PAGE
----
Filip Forsberg: an Underappreciated Defensive Difference Maker

The goal-scoring, soul-stealing offensive wizard has an underappreciated strength on defense, and it’s worth taking a closer look.

Note:  This is a new format that I’d like to try to make approaching analytics a little simpler and clear.  Below you’ll find an infographic—there will be a chart/graph and an accompanying short description to help put the chart in perspective.  If you are having trouble reading it (you should only focus on one chart or paragraph at a time), I have transcribed the text and charts below, under the graphic. You can also find an interactive version located here on Tableau.

What does Nashville lose without Filip Forsberg on the ice?

The easy answer is offense - Forsberg led the team in goal scoring until last night, despite missing six of the team’s twelve games this season.  He is responsible for generating quality shots as well, where he ranks 15th in the NHL in individual expected goals per 60 minutes (per Natural Stat Trick for players with more than 50 minutes TOI at 5 on 5).  The line of Forsberg, Matt Duchene and Mikael Granlund has been deadly, just as the line of Forsberg, Viktor Arvidsson and Ryan Johansen was last season.  But there’s something else that’s less obvious when Forsberg is not on the ice: defense.

Below I have used three different metrics to demonstrate the value that Filip Forsberg has as a defender: first, defensive metrics for the team as a whole as well as his linemates for the 2018-19 season as well as the first twelve games of 2019-20.  Second, isolated “threat” or shot rates is assessed and broken down into components - are the results on the ice defensively due to Forsberg by himself, his teammates, and/or the opponent?  Last, another method of isolating impact is used to compare Forsberg to players who finished in the Top 10 of Selke voting last year - the award given to “the best defensive forward in the NHL”.

There’s no denying the offensive skill Forsberg brings to the Nashville Predators, but the results found in the accompanying graphic demonstrate that he is improving defense - all by himself at times - at a comparable rate to some of the best two-way forwards in the NHL.

Filip Forsberg’s offensive skill is well-known.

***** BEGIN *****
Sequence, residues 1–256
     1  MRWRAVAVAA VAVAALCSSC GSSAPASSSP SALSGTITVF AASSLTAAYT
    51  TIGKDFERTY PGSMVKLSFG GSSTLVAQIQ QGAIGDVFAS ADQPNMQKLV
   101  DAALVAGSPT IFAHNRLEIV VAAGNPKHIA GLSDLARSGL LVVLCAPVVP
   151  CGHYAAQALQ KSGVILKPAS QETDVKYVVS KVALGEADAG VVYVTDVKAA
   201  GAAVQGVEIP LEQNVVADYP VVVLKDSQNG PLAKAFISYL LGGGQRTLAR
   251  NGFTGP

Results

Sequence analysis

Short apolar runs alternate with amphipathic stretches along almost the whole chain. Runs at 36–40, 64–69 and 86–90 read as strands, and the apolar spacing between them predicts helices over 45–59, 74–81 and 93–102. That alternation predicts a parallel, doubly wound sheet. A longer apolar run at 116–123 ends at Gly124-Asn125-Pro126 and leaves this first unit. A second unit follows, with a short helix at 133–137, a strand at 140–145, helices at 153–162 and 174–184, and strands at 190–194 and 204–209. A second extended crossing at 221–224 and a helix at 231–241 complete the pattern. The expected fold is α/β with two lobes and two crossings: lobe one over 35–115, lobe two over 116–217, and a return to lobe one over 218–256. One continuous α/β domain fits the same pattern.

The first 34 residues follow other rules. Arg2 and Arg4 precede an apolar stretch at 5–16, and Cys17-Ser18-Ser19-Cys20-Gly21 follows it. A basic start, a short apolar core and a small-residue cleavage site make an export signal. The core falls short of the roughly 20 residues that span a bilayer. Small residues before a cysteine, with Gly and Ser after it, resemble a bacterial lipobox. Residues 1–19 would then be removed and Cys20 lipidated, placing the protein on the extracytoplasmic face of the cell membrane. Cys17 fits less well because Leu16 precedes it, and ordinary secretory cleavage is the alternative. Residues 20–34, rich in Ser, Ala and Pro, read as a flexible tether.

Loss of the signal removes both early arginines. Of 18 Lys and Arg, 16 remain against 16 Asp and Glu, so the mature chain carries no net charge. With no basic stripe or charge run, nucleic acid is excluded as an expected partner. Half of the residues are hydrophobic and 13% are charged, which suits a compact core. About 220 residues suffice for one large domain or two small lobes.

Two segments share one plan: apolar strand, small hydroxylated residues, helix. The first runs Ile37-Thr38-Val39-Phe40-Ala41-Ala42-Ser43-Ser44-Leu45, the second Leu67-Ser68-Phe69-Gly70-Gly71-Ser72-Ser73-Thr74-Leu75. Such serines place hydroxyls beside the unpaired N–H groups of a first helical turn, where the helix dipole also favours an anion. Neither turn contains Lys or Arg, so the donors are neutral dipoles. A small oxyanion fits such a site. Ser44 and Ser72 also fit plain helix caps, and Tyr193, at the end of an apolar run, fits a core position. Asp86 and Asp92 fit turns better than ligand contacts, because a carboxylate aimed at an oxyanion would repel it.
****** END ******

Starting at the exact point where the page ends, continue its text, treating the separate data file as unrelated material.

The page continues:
But one aspect of his game isn’t mentioned as often as it should be: his defensive ability.  He may not be a likely candidate to garner Selke votes (the award for best defensive forward), but the Nashville Predators—both his linemates and, to a lesser extent, the team overall—are noticeably affected when Forsberg is not on the ice.

(Note: Team statistics are based on total team metrics for games Forsberg was in or out of the lineup. Line metrics are specifically for any time the two linemates were on the ice with or without Forsberg.)

Isolated Shot Rates Against

Last season’s first line of Forsberg, Ryan Johansen and Viktor Arvidsson (the JOFA line) was a high-powered unit that competed with the best lines in the NHL on offense—but defensively they were a mess.

However, using Micah Blake McCurdy’s 5 on 5 Isolates at, we can separate the effects a player has on opposing shot rates and danger—called “threat,” as in “threat to score a goal”—into components, compared to the league average. In this case, 0 is league-average defense, below the line is better defense than average, and above is worse.

Isolated: The impact that the player themself has on the threat of the opponent scoring just by being on the ice, independent of other factors.

Teammates: The impact of all teammates on the ice with the player—is the player getting help? Or are they being dragged down?

Opponents: The impact of the opposing players on the ice on the shot rates they generate—the JOFA line obviously saw top-line competition.

From this, we can see that Forsberg was suppressing offense (-9.2% threat to score) against top-level competition (12.1% threat to score) while his linemates were around or below league average.

The Selke Trophy: Is It Really For the Best Defensive Forward?

It has not been awarded that way.

The last 25 winners have all scored over 20 goals, and half of them scored 50 points or higher.

Josh and Luke Younggren of use Regularized Adjusted Plus-Minus (RAPM) to evaluate player abilities.  RAPM is similar to the above methods in that it is used to isolate the impact of a single player on the ice, separate from who they are playing with and against.  While a player has very little control over which of the unblocked shot attempts taken against them on the ice turn into goals scored (goalies are voodoo), they can have an effect on the quality of those shots taken, a metric which is commonly referred to as expected goals against (xGA).

Since Selke voters do take some sort of offensive metrics in mind when voting, I used expected goal differential per 60 minutes—the difference between the quality of the shots taken minus the quality of shots against—and ranked Forsberg alongside the top ten players that received Selke votes last season.